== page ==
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Perhaps the oldest recognized infectious disease, and quite possibly the first known disease transmissible from animals to people, rabies in humans can be eliminated—but rabies still kills more than 55,000 people each year worldwide.

That’s why veterinarians and public health officials are trying to educate the public, and especially pet owners, about the dangers of the disease and the importance of vaccination.

 “Vaccinating dogs and cats is the best way to protect pets and the public from contracting what is almost always a fatal disease once symptoms occur,” said Dr. Larry R. Corry, president of the American Veterinary Medical Association (AVMA). “By taking this simple step, you help make for a safer, healthier pet, family, and community.”

While rabies is easy to prevent in domestic animals, more work needs to be done here at home to ensure that pet owners are doing all they can in the fight against the disease.

Unfortunately, cats are less likely than dogs to be vaccinated against rabies, and as a result, cat owners are more likely to be exposed to the virus. Research shows that cats are not being taken to the veterinarian for exams and necessary vaccinations nearly as often as dogs. More than one third of cat owners don’t take their cats to the veterinarian, compared to only a fifth of dog owners who don’t take their dogs in. All pet owners owe it to themselves and to their furry friends to make sure they are vaccinated to help prevent the spread of rabies.

In addition to ensuring that pets and livestock are vaccinated properly against rabies, the Health Department recommends these prevention steps:

  • Don’t feed wild animals or allow your pets around them. Be sure to teach children to stay away from wild mammals.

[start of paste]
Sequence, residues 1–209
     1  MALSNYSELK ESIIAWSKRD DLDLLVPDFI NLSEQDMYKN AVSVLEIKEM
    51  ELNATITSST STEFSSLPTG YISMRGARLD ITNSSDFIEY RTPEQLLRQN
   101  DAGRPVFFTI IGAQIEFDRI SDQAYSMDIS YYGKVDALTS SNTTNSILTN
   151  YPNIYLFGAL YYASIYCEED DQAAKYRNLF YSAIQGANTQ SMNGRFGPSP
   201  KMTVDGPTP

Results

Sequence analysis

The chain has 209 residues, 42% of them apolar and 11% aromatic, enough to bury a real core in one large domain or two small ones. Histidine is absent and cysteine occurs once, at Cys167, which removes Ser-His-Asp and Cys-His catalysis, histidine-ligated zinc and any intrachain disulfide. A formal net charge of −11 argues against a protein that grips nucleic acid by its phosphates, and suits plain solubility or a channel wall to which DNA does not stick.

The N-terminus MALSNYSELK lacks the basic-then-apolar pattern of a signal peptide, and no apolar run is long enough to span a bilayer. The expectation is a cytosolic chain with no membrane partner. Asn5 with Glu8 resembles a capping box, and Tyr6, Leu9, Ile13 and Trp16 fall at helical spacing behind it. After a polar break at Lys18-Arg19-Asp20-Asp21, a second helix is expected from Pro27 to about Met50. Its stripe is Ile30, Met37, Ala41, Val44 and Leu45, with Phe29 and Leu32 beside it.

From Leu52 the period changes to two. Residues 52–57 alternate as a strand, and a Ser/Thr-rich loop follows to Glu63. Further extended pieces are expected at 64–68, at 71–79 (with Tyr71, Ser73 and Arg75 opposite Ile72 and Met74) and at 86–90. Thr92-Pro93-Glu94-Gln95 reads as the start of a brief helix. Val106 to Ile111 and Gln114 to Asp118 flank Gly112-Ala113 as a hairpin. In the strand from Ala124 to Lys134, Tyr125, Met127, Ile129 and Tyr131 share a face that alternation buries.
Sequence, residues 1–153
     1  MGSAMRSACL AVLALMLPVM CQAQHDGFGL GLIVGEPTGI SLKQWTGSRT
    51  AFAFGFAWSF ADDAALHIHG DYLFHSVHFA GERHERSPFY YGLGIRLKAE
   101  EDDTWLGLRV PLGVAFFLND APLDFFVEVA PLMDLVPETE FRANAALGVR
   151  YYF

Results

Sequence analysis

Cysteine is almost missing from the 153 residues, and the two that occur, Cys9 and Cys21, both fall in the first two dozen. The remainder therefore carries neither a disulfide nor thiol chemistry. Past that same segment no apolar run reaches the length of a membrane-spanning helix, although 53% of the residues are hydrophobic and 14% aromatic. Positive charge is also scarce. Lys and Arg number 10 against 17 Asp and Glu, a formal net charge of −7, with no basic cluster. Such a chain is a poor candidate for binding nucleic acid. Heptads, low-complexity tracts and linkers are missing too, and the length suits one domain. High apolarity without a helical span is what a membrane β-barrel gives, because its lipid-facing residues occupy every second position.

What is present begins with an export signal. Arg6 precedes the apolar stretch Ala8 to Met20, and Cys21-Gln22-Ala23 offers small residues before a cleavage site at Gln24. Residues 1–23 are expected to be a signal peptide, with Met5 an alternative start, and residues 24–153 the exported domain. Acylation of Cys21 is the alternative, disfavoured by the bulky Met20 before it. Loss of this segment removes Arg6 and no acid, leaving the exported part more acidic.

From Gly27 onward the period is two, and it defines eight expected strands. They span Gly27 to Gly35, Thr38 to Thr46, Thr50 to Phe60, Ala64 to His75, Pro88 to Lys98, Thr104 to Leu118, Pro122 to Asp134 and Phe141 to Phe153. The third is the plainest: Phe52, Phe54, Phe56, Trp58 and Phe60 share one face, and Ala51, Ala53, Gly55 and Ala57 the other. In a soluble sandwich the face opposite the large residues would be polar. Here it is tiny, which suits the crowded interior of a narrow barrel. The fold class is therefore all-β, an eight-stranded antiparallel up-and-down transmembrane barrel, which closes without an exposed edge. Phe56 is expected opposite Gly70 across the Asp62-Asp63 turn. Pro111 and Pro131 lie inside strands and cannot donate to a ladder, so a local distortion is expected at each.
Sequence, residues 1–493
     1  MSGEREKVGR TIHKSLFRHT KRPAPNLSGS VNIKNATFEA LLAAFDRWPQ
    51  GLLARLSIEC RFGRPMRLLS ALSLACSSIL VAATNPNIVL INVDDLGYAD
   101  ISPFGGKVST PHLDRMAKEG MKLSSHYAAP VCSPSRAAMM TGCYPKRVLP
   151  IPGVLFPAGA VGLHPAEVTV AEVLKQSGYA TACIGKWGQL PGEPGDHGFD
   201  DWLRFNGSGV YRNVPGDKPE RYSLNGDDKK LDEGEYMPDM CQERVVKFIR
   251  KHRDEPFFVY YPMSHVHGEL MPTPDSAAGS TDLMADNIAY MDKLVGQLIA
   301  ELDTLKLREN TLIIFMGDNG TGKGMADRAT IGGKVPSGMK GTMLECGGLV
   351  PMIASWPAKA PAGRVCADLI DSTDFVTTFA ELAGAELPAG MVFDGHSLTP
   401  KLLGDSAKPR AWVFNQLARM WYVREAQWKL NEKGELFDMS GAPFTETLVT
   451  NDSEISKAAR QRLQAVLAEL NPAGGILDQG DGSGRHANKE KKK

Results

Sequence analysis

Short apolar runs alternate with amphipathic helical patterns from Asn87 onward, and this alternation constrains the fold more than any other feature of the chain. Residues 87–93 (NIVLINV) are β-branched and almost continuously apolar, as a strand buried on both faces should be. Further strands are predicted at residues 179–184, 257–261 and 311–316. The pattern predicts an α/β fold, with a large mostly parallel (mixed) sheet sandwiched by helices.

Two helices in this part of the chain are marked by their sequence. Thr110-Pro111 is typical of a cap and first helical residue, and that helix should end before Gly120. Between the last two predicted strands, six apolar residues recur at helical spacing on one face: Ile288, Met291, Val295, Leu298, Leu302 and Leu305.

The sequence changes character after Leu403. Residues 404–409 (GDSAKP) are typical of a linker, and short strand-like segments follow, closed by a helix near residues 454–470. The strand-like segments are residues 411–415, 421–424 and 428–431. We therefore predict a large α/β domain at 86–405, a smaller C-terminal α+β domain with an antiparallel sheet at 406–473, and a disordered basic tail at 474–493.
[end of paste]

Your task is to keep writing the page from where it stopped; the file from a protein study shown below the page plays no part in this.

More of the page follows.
• Contact your veterinarian if your dog or cat is bitten or scratched by a wild animal, such as skunks, bats, foxes or raccoons.
  • If you suspect you’ve been exposed to rabies, contact your physician without delay.
  • Discuss rabies vaccination of your livestock with your veterinarian. Vaccination should be considered for horses and other equines, breeding livestock, dairy cattle or other high-value livestock.
  • If you observe a wild mammal acting strangely, especially a skunk, or if you find a dead skunk that isn’t on your property, stay away from it. Strange behavior for a skunk would include being out and about during daytime hours.
  • If you must remove a dead skunk on your property, wear rubber gloves or lift the carcass with a shovel or other tool, and double-bag it for the trash.

Additional Resources:
Colorado Department of Public Health and Environment:  
General information: http://www.cdphe.state.co.us/dc/zoonosis/rabies/

What You Should Know About Rabies
Click here for a downloadable brochure (PDF format) provided by the American Veterinary Medical Association.

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